Chapter 2 - All Alone

Chapter 2 - All Alone

A Chapter by Patricia Gayle

As the story begins, Caleb finds himself alone.



In the October of 1831, Caleb was born to Douglas and Margaret Campbell.  The couple already had one son, Christopher, who was three years old at the time, and they did not know how they could afford to raise another.  It happened that Caleb was brought up in a very hard time by a very poor family.  Despite the problems they faced, they still strived to do the best they could for their children.  In 1837, when Caleb was only six years old, things worsened for the Campbells.  Margaret died while giving birth to their third child.  The baby only survived a couple of days.

Douglas now found himself forced to raise his sons alone.  He spent his days away from home working on the lands of Boston’s rich families.  The boys were left alone at their home all day and in the evenings when he returned he was often so tired he went straight to bed and hardly spoke a word to the boys.

Christopher became bitter toward his brother for the actions of their father.  He blamed Caleb for everything wrong with their lives and fought him constantly.  One night, Christopher, now fourteen and Caleb, eleven, sat on the front porch of their small cabin and waited for their father to return home.  He usually did not come home so late, so the boys had waited up for him.  They finally heard his horse coming up the road toward the cabin.  They jumped up and stood on the porch watching as their father rode into sight.  Douglas dismounted and stumbled up the steps toward them. 

In the moonlight the boys could see blood on his face.  Christopher sprang up and rushed to his father’s side with Caleb close behind.  “Papa are you alright?” asked Christopher.  As Douglas brushed past them Caleb caught the stench of whiskey.  Caleb ran to the door ahead of his father.  “What happened, Papa?” he asked.

“Get out of my way boy,” Douglas mumbled drunkenly.  He pushed through the door and stumbled into the cabin slamming the door behind him.

Christopher grabbed Caleb by the arm and swung him off the porch.  Caleb landed hard in the dirt.  “There you go gettin’ in the way again,” Christopher told him angrily.  “Why can’t you just stay out o’ the way?  It’s all your fault he’s like that.”  Christopher had come off the porch and he pushed Caleb back as he attempted to stand back up.  “It’s your fault Papa’s always upset.  We were happy before you came along.”

“Papa’s upset because Momma died,” Caleb replied.

“You killed her!” Christopher snapped back.  “Momma died because you had her chasin’ you ‘round when she shoulda been restin’.  If it weren’t for you she’d still be alive and Papa would still be happy.”

“That’s not true!”  Caleb cried.

The cabin door swung open and Douglas stomped out.  “Quiet!”  He screamed at them, red in the face.  “Now get that horse in the barn!  You can both sleep there tonight.”  He looked down at the two boys.  “Don’t let me hear you boys again or you’ll both get the belt!  And wipe your face Caleb.  Start acting more like a man.  I ain’t got no girls and I ain’t raisin’ none.”  He slammed the door closed and stumbled back to his chair by the fire.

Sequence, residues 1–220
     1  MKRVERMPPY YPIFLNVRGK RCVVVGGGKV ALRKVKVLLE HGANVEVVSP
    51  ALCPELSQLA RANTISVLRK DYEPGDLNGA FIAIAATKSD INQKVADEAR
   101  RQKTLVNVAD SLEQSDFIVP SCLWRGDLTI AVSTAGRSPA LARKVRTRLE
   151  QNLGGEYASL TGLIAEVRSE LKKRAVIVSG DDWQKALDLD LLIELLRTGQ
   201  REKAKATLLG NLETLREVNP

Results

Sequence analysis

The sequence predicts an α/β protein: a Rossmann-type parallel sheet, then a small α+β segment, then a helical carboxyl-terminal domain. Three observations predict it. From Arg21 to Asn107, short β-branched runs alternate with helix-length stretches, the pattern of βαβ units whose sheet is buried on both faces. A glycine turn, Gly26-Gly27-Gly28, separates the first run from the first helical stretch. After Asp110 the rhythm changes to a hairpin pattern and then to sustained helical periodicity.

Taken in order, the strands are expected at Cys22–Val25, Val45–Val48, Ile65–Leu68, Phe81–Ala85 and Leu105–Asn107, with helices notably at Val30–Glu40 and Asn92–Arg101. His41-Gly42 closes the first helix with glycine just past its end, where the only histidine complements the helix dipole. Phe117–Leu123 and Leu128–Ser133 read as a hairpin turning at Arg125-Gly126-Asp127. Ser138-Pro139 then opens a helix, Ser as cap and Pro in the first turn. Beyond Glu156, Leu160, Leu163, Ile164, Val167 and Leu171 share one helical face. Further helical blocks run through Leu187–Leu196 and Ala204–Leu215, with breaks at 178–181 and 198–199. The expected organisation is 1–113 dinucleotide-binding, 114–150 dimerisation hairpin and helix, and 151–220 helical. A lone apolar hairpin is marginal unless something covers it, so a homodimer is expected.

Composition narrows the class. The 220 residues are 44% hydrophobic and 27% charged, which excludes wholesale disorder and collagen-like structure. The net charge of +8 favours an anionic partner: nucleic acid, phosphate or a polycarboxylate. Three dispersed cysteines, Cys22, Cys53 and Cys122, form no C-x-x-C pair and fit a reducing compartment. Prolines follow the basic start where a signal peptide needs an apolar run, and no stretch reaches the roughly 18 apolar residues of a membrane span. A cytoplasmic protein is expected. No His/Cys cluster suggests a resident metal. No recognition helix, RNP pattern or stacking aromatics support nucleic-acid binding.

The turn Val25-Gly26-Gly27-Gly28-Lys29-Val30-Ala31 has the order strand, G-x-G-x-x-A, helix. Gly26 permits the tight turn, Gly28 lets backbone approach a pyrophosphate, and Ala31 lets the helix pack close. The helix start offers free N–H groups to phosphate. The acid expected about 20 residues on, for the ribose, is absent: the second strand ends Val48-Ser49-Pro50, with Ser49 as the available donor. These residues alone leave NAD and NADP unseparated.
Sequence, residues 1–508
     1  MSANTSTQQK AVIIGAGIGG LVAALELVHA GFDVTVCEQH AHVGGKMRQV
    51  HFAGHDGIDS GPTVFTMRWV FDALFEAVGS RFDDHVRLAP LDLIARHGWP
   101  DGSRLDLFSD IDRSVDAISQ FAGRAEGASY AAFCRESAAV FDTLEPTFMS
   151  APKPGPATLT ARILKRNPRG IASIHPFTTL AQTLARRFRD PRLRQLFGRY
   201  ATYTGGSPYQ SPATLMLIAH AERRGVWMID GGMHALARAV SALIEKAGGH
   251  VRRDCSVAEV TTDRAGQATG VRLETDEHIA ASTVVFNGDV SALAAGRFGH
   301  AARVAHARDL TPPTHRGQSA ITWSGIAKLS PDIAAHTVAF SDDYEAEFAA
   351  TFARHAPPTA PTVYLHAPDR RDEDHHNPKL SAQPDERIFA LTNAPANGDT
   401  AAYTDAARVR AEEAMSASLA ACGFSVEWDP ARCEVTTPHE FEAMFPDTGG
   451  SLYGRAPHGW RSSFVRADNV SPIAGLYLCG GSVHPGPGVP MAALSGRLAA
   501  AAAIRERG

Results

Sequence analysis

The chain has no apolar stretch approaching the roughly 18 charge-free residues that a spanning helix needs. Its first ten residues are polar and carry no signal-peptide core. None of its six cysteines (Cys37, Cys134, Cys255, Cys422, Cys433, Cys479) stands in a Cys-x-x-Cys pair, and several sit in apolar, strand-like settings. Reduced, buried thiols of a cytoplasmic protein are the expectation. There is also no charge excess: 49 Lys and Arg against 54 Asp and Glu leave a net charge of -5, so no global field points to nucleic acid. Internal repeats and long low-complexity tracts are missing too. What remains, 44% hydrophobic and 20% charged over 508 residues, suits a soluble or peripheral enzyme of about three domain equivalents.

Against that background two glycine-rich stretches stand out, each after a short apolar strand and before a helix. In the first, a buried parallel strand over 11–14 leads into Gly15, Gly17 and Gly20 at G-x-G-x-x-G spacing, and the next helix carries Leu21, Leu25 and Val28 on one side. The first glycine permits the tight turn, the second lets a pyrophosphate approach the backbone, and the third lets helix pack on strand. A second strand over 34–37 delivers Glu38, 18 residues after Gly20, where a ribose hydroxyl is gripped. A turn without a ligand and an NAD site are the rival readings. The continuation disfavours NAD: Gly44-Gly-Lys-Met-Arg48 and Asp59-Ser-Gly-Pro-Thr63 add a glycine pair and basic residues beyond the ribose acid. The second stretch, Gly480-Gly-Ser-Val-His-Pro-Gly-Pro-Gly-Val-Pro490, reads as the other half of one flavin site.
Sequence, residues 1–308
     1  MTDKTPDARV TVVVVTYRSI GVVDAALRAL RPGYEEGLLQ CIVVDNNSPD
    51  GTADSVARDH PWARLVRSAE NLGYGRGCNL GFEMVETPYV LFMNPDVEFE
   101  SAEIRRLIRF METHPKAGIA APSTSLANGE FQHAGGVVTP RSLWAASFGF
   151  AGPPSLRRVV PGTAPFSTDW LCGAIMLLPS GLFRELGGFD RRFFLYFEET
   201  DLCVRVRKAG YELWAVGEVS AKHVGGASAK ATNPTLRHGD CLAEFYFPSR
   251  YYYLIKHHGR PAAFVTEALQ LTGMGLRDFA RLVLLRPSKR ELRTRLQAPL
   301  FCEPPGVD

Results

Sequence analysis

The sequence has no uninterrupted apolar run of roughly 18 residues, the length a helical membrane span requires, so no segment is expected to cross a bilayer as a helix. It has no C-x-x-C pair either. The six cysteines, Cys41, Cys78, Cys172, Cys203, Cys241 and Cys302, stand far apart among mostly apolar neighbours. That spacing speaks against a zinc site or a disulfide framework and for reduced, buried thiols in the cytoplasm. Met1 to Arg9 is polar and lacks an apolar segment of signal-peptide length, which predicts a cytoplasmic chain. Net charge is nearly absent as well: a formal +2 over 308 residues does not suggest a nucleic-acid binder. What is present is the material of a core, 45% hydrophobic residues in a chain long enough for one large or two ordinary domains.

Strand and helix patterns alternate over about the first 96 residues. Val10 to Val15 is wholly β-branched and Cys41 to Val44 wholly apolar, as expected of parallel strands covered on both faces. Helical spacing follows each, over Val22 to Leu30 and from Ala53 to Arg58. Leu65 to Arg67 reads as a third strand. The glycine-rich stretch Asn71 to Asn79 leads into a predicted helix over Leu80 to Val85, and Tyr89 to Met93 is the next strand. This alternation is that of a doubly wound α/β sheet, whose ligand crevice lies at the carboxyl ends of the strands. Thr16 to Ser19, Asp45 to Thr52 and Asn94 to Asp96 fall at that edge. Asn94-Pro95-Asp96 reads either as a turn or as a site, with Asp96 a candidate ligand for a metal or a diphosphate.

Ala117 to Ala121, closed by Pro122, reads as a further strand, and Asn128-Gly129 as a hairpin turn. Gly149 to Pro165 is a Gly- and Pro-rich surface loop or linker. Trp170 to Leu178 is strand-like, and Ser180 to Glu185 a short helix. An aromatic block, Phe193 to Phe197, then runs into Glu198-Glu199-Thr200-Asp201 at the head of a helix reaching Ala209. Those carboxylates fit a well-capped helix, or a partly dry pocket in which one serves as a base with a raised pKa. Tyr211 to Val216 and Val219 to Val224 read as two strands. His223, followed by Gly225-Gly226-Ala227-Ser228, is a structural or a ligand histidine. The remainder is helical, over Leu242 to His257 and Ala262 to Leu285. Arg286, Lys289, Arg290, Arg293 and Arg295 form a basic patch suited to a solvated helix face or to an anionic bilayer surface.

“Look what you did this time,” Christopher mumbled.

“I didn’t…”

“Shut up or I’ll drown you in the creek.  You already got us in enough trouble.”

The boys put the horse in the barn and lay down in the hay to sleep.  Caleb peered up through a hole in the barn roof at the glimmering stars and slowly drifted to sleep.


Christopher and Caleb remained in constant rivalry as long as they remained together at the cabin.  They never fought within sight or hearing of their father again, however. 

Two years after Douglas came home drunk and bloody, he didn’t come home at all.  The boys waited all night and late into the next day, but he never came home. 

Just as the sun was falling behind the trees, three men came on horseback up the road toward the cabin.  They stopped under a huge old tree and one of the men dismounted and walked up to the porch where the boys sat.  He was a tall man, standing nearly six feet.  He wore a black suit with a gray vest and long black overcoat.  

“Boys, I’ve got some bad news,” he said taking a seat on the porch between them.  “Your father was shot in town las’ night.”  He paused for a moment then continued.  “He passed in his sleep this mornin’.”  Neither boy said a word.  “We’ll find a place for you boys to stay in the mornin’.” 

Still neither boy said anything.  They just sat and stared down the road.  Before he could say anything else, Christopher got up and ran around the corner of the house and out of sight. 

The man did not get up.  He sat and tried to talk with Caleb for a while, but got no response from the boy.  Finally he stood and walked back to his horse and the other men, leaving Caleb sitting on the porch alone. 

“We’ll find a place for ya to go.  Don’t worry ‘bout nothing.”  He mounted his horse and the three men rode back toward town.

Neither boy spoke a word to each other the rest of the night, neither calm nor forceful.  In the morning Caleb awoke to an empty cabin.  Christopher was nowhere to be found on the small stretch of land that the Campbell’s had managed to hold ownership of.  Caleb checked the barn and all over the property, but Christopher was gone. 


© 2010 Patricia Gayle

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Added on January 1, 2010
Last Updated on March 19, 2010
Tags: loss

Burning Bridges


Patricia Gayle
Patricia Gayle

College Station, TX

I'm 25 and have been writing for close to 10 years now. Writing is my therapy. I've written and self published one book, a regional non-fiction I completed in the summer after highschoo.. more..